Frequently Asked Questions

  1. Why “Hurl”?
  2. Yet Another Tool, I already use X
  3. Hurl is build on top of libcurl, but what is added?
  4. Why shouldn’t I use Hurl?
  5. I have a large numbers of tests, how to run just specific tests?
  6. How to report results in a CI pipeline?
  7. How can I use my Hurl files outside Hurl?
  8. Can I do calculation within a Hurl file?

Why “Hurl”?

The name Hurl is a tribute to the awesome curl, with a focus on the HTTP protocol. While it may have an informal meaning not particularly elegant, other eminent tools have set a precedence in naming.

Yet Another Tool, I already use X

We think that Hurl has some advantages compared to similar tools.

Hurl is foremost a command line tool and should be easy to use on a local computer, or in a CI/CD pipeline. Some tools in the same space as Hurl (Postman for instance), are GUI oriented and we find it less attractive than CLI. As a command line tool, Hurl can be used to get HTTP datas (like curl), but also as a test tool for HTTP sessions, or even as documentation.

Having a text based file format is another advantage. The Hurl format is simple, focused on the HTTP domain, can serve as documentation and can be read or written by non technical people.

For instance posting JSON data with Hurl can be done with this simple file:

POST http://localhost:3000/api/login
  "username": "xyz",
  "password": "xyz"

With curl:

curl --header "Content-Type: application/json" \
     --request POST \
     --data '{"username": "xyz","password": "xyz"}' \

Karate, a tool combining API test automation, mocking, performance-testing, has similar features but offers also much more at a cost of an increased complexity.

Comparing Karate file format:

Scenario: create and retrieve a cat

Given url ''
And request { name: 'Billie' }
When method post
Then status 201
And match response == { id: '#notnull', name: 'Billie }

Given path
When method get
Then status 200

And Hurl:

# Scenario: create and retrieve a cat

{ "name": "Billie" }
HTTP/* 201
cat_id: jsonpath "$.id"
jsonpath "$.name" == "Billie"

HTTP/* 200

A key point of Hurl is to work on the HTTP domain. In particular, there is no Javascript runtime, Hurl works on the raw HTTP requests/responses, and not on a DOM managed by a HTML engine. For security, this can be seen as a feature: let’s say you want to test backend validation, you want to be able to bypass the browser or javascript validations and directly test a backend endpoint.

Finally, with no headless browser and working on the raw HTTP data, Hurl is also really reliable with a very small probability of false positives. Integration tests with tools like Selenium can, in this regard, be challenging to maintain.

Just use what is convenient for you. In our case, it’s Hurl!

Hurl is build on top of libcurl, but what is added?

Hurl has two main functionalities on top of curl:

  1. Chain several requests:

    With its captures, it enables to inject data received from a response into following requests. CSRF tokens are typical examples in a standard web session.

  2. Test HTTP responses:

    With its asserts, responses can be easily tested.

Why shouldn’t I use Hurl

If you need a GUI. Currently, Hurl does not offer a GUI version (like Postman). While we think that it can be useful, we prefer to focus for the time-being on the core, keeping something simple and fast. Contributions to build a GUI are welcome.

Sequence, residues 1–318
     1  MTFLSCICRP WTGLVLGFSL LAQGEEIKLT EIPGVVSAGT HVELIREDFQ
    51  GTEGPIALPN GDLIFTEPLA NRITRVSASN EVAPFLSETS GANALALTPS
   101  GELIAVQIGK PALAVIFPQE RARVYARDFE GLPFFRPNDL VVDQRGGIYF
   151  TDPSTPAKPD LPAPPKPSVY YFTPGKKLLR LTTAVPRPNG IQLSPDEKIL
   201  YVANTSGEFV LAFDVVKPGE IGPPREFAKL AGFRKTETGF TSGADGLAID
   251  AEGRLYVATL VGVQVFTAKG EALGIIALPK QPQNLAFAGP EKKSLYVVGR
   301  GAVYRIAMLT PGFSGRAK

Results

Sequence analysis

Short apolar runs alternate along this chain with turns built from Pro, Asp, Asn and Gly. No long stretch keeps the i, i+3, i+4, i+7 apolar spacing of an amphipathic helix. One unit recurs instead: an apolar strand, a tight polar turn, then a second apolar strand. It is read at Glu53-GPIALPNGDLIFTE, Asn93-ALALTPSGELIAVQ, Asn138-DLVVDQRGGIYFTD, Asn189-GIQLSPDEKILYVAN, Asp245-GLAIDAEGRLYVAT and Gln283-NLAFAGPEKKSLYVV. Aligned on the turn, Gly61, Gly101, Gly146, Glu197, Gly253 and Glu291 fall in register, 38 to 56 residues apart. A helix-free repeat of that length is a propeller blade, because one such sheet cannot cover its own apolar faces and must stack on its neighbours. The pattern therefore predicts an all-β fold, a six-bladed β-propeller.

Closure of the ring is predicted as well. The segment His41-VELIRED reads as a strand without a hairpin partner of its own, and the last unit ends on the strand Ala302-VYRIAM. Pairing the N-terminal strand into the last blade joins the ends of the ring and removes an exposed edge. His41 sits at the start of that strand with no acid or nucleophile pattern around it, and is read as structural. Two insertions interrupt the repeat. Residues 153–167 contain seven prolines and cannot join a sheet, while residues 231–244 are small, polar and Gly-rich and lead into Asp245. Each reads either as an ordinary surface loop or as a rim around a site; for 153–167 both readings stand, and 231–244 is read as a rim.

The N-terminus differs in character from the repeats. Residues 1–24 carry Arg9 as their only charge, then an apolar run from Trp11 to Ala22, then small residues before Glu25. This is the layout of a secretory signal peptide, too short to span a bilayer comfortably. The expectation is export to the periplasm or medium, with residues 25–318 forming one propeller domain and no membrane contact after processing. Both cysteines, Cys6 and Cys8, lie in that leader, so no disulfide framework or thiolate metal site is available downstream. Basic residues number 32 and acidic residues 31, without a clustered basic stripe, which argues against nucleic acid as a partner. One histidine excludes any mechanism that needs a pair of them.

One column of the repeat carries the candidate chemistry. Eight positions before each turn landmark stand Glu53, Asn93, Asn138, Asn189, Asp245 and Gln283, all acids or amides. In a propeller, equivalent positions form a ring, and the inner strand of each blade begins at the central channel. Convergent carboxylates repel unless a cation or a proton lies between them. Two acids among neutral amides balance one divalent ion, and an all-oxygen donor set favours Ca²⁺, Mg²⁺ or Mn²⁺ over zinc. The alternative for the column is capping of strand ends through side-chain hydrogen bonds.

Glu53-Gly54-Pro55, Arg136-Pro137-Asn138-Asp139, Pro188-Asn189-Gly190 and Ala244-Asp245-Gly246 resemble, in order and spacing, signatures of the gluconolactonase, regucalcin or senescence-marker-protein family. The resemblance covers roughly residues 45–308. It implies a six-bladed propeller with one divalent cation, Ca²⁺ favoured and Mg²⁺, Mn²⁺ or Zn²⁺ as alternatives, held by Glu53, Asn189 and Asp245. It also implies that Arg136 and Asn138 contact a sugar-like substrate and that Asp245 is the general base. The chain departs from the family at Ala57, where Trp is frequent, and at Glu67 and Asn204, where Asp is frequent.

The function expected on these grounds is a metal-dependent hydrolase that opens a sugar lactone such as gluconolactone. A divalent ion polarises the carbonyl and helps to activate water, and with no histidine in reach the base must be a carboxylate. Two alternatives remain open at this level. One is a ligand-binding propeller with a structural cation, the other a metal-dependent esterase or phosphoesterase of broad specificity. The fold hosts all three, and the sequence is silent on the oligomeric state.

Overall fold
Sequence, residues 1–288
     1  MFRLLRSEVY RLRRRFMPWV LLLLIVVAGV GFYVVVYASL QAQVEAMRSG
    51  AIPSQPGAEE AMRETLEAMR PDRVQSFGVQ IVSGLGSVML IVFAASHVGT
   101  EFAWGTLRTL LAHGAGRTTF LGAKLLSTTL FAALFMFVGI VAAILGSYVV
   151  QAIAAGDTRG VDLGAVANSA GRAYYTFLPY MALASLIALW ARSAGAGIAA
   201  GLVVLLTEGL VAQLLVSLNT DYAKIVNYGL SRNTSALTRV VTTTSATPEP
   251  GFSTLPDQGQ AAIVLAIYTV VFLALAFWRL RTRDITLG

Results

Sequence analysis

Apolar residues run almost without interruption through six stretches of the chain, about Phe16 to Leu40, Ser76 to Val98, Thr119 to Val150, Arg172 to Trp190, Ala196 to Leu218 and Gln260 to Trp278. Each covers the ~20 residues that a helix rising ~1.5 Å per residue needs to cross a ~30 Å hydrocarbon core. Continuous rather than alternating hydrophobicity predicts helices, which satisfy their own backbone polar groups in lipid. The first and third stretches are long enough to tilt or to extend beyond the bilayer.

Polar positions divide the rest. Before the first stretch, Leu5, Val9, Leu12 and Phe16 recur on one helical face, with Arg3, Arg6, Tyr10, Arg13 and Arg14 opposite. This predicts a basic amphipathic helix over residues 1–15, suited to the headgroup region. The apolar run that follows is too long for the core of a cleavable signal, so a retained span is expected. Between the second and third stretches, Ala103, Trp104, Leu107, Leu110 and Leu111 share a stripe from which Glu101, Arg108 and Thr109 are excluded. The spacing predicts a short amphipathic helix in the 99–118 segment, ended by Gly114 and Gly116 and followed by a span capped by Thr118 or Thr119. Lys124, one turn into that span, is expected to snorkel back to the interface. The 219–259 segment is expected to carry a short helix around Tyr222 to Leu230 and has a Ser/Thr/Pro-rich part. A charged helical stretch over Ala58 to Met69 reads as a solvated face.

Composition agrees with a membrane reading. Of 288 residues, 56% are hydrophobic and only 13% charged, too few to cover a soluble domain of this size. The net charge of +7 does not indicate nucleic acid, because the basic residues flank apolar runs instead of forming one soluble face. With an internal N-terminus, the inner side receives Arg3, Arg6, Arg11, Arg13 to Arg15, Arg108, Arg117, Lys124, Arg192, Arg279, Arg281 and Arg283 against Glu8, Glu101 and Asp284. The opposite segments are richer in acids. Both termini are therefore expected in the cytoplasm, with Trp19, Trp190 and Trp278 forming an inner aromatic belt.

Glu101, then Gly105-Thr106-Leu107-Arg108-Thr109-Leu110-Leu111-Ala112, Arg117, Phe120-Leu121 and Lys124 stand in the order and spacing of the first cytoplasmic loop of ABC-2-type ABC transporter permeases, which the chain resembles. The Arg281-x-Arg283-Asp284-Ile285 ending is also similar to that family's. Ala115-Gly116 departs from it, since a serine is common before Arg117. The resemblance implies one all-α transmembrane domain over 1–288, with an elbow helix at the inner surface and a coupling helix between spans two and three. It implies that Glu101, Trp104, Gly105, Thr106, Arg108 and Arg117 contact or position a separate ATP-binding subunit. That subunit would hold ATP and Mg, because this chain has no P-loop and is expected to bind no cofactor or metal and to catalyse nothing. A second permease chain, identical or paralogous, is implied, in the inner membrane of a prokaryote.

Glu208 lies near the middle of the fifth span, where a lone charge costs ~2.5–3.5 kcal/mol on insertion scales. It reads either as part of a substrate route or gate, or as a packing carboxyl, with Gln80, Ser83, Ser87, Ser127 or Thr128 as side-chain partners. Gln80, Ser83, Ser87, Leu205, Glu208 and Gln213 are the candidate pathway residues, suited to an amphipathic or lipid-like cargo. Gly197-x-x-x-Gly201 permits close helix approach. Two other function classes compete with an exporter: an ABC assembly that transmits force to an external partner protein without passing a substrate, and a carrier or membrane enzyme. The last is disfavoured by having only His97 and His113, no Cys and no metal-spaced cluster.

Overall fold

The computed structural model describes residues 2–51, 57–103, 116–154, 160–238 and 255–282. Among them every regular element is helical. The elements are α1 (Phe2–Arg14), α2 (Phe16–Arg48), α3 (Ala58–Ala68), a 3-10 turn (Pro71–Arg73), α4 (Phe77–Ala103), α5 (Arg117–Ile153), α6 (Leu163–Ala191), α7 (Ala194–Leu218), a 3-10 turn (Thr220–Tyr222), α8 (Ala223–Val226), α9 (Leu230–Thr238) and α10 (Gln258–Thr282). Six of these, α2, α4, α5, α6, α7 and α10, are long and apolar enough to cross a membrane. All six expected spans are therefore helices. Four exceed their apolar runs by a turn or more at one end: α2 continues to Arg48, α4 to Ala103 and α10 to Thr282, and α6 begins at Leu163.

I have a large numbers of tests, how to run just specific tests?

By convention, you can organize Hurl files into different folders or prefix them.

For example, you can split your tests into two folders critical and additional.


You can simply run your critical tests with

hurl critical/*.hurl

How to report results in a CI pipeline?

Hurl can generate a html report with the --html option

 hurl tests/*.hurl --html output_folder

Note that in the previous step, all Hurl files are run together successively.

In some setup, we may want to execute arbitrary commands between each Hurl test. In this case, you need to append test results into a common file.

For example

hurl --json /tmp/tests.json --append --html /tmp/html_report file1.hurl
hurl --json /tmp/tests.json --append --html /tmp/html_report file2.hurl
hurl --json /tmp/tests.json --append --html /tmp/html_report file3.hurl

How can I use my Hurl files outside Hurl?

Hurl file can be exported to a json file with hurlfmt. This json file can then be easily parsed for converting a different format, getting ad-hoc information,…

For example, the Hurl file

User-Agent: Custom

HTTP/1.1 200
jsonpath "$.name" equals "Bob"

will be converted to json with the following command:

hurlfmt test.hurl --format json | jq
  "entries": [
      "request": {
        "method": "GET",
        "url": "",
        "headers": [
            "name": "User-Agent",
            "value": "Custom"
      "response": {
        "version": "HTTP/1.1",
        "status": 200,
        "asserts": [
            "query": {
              "type": "jsonpath",
              "expr": "$.name"
            "predicate": {
              "type": "equal",
              "value": "Bob"

Can I do calculation within a Hurl file?

Currently, the templating is very simple, only accessing variables. Calculations can be done beforehand, before running the Hurl File.

For example, with date calculations, variables now and tomorrow can be used as param or expected value.

TODAY=$(date '+%y%m%d')
TOMORROW=$(date '+%y%m%d' -d"+1days")
hurl --variable "today=$TODAY" --variable "tomorrow=$TOMORROW" test.hurl